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9780440246077

Jack Reacher: One Shot

by
  • ISBN13:

    9780440246077

  • ISBN10:

    0440246075

  • Edition: Reprint
  • Format: Trade Book
  • Copyright: 2009-10-27
  • Publisher: Dell
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Summary

Six shots. Five dead. One heartland city thrown into a state of terror. But within hours the cops have it solved: a slam-dunk case. Except for one thing. The accused man says: You got the wrong guy. Then he says: Get Reacher for me. And sure enough, from the world he lives inno phone, no address, no commitmentsexmilitary investigator Jack Reacher is coming. In Lee Child's astonishing new thriller, Reacher's arrival will change everythingabout a case that isn't what it seems, about lives tangled in baffling ways, about a killer who missed one shotand by doing so give Jack Reacher one shot at the truth.... The gunman worked from a parking structure just thirty yards awaypoint-blank range for a trained military sniper like James Barr. His victims were in the wrong place at the wrong time. But why does Barr want Reacher at his side? There are good reasons why Reacher is the last person Barr would want to see. But when Reacher hears Barr's own words, he understands. And a slam-dunk case explodes. Soon Reacher is teamed with a young defense lawyer who is working against her D.A. father and dueling with a prosecution team that has an explosive secret of its own. Like most things Reacher has known in life, this case is a complex battlefield. But, as always, in battle, Reacher is at his best. Moving in the shadows, picking his spots, Reacher gets closer and closer to the unseen enemy who is pulling the strings. And for Reacher, the only way to take him down is to know his ruthlessness and respect his cunningand then match him shot for shot.... From the Hardcover edition.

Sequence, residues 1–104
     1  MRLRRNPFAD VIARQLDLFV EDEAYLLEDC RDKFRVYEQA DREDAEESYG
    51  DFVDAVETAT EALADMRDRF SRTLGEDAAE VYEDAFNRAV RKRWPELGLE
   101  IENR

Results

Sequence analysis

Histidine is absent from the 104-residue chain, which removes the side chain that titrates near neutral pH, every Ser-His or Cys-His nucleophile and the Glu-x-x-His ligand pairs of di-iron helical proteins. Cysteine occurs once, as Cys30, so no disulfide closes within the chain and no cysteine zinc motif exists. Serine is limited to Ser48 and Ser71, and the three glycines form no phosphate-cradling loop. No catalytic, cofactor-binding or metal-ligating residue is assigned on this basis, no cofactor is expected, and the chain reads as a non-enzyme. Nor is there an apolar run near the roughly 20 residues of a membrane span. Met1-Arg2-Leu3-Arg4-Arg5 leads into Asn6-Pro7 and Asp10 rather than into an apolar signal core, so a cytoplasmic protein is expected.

Author Biography

Lee Child is the author of nine Jack Reacher thrillers, including the New York Times bestsellers Persuader and The Enemy. His debut, Killing Floor, won both the Anthony and the Barry Awards for Best First Mystery. Foreign rights in the Jack Reacher series have sold in thirty-nine territories. Child, a native of England and former television writer, lives in New York City, where he is at work on his tenth Jack Reacher thriller, The Hard Way.


From the Hardcover edition.

Excerpts

C H A P T E R 2


Reacher was on his way to them because of a woman. He had spent Friday night in South Beach, Miami, in a salsa club, with a dancer from a cruise ship. The boat was Norwegian, and so was the girl. Reacher guessed she was too tall for ballet, but she was the right size for everything else. They met on the beach in the afternoon. Reacher was working on his tan. He felt better brown. He didn’t know what she was working on. But he felt her shadow fall across his face and opened his eyes to find her staring at him. Or maybe at his scars. The browner he got, the more they stood out, white and wicked and obvious. She was pale, in a black bikini. Asmallblack bikini. He pegged her for a dancer long before she told him. It was in the way she held herself.